The Director’s Dilemma – July 2021 Edition

July 01, 2021 Share this article:

Produced by Julie Garland-McLellan, Consultant at AltoPartners Australia and non-executive director and board consultant based in Sydney, Australia.

Contribution by Lauren Smith,Managing Director in the Miami office of Diversified Search Group / AltoPartners USA

This edition of the newsletter was first published on The Director’s Dilemma website and the full newsletter is available for viewing here. To subscribe to future editions of the newsletter, click here

The Director’s Dilemma - July 2021

This month we look at the pros and cons of combining directorship with an executive role.

Ivana is the company secretary of a small start up that became a promising scale-up and is now preparing to list. For the past few months the board has been seeking new directors whom they wish to appoint to the board at least six months ahead of the listing.

Legal skills are on the list that the directors hope to cover in their skills matrix. So far they have not really warmed to any of the legally qualified aspirants they have interviewed. All seemed too focused on the law and not enough on the business.

At the board meeting last week the chair suggested that Ivana should become a director. To Ivana’s surprise the other directors, once recovered from the shock of a new idea, really supported her joining their number. Now that she has thought about it, Ivana likes the idea too. She had always wanted to be a director at some stage but had never thought it would happen with this company and these colleagues.

She has checked and, in Australia, there is no law against combining the roles. But what are the rules and recommendations in USA?

The chair has given her some time to think about the proposal and they will have a coffee and talk about it next week.

What course of action would you recommend her to take?

Lauren’s Answer

As the GC/Secretary for the company, Ivana’s primary role is to serve as an advisor to the board. She needs to go beyond what the law states to investigate how institutional investors and other governance experts would view combining the roles.

Independence of directors - putting the corporation’s interest ahead of their own - is critical. CEOs and sometimes CFOs hold the dual role of director and management, a GC/Secretary may struggle to advise the board regarding thorny governance issues while also sitting on the board.

In the US, a non-independent director otherwise known as an “inside director” in not permitted to sit on the Audit, Compensation or Nominating/Governance committee.

Therefore, if Ivana joined the board, she would not be able to add value to any of these committees.

In summary, there are three key reasons for Ivana not to accept the director role:

  1. May not be viewed favourably by shareholders.
  2. Could create a conflict of interest with her day job.
  3. Would be unable to add value to any of the committees because she is not an independent director.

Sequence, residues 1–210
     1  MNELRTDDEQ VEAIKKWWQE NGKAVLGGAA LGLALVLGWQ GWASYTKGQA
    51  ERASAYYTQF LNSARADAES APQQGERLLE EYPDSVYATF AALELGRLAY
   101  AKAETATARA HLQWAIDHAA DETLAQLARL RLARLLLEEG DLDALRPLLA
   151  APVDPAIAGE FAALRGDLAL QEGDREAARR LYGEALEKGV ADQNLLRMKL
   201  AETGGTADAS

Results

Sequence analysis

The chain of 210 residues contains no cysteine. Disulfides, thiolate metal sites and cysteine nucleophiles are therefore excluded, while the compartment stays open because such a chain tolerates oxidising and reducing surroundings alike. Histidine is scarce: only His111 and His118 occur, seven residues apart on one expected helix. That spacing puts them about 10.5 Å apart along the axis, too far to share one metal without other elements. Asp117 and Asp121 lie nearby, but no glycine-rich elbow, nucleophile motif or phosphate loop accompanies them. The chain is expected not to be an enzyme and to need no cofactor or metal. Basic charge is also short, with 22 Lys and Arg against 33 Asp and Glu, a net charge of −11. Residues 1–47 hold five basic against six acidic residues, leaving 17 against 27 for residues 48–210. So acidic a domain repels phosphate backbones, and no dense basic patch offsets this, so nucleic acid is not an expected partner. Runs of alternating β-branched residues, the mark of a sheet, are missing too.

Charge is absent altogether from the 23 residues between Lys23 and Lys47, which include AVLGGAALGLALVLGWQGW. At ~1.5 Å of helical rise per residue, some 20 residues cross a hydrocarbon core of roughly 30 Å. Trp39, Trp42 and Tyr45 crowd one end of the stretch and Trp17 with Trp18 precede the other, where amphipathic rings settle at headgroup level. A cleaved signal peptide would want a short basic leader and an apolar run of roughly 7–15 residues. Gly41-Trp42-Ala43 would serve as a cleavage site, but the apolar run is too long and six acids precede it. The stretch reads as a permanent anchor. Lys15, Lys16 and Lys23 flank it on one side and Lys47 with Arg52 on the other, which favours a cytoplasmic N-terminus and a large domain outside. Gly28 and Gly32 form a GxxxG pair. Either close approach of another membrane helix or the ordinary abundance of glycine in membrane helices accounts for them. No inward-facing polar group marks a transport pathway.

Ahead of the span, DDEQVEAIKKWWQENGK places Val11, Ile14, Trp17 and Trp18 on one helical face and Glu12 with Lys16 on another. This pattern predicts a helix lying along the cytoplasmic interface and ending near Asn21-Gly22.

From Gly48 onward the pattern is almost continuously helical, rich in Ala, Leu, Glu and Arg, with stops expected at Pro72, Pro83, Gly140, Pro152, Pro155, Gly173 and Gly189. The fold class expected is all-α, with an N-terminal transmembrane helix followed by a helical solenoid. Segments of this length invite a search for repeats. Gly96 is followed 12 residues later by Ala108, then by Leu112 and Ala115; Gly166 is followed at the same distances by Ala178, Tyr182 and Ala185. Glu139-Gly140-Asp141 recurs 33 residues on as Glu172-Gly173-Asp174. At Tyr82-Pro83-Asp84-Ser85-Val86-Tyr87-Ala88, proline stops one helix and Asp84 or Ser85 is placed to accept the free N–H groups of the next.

When she declines, she can offer help to find the right female director by leveraging resources such as Women Corporate Directors, NACD or an experienced board search firm. Reminding the CEO that her decision was in the best interest of the company, she could then ask for the CEO’s help to find a directorship with another company to deepen her knowledge of governance and expand her experience base.

Julie’s Answer

There is no legal reason for Ivana to decline this invitation; there are plenty of practical ones.

The company is preparing to list within the next 6 to 9 months. That is a really busy time for the company secretary.

When the board members are all appointed the company will need to create a due diligence committee, gather all the verification and prospectus material, and undertake one of the most detailed and careful processes in the company’s history. The directors will need their company secretary for frank and fearless advice. They will rely on her for flawless completion of the intricate work of gathering, cataloging, and verifying their due diligence materials.

Board meetings will need to be minuted carefully so that decisions are defensible even if hindsights shows them to have been incorrect.

Ivana’s role as company secretary is so important that it will be hard to combine with any other role, let alone the role of a director in an IPO.

And that is before we consider the role conflict of the board in overseeing and supervising the company secretary when she is a board member.

This is, however, a great vote of confidence in Ivana’s ability to bring good legal and compliance thinking together with good business acumen. She should explore how the board might feel if she relinquished the company secretary role and appointed a new company secretary.

Is there time for a new qualified secretary to get familiar enough with the company to take on the role without delaying the IPO?

Or can she agree to take on the role sometime after the IPO, when the role clash will be more manageable?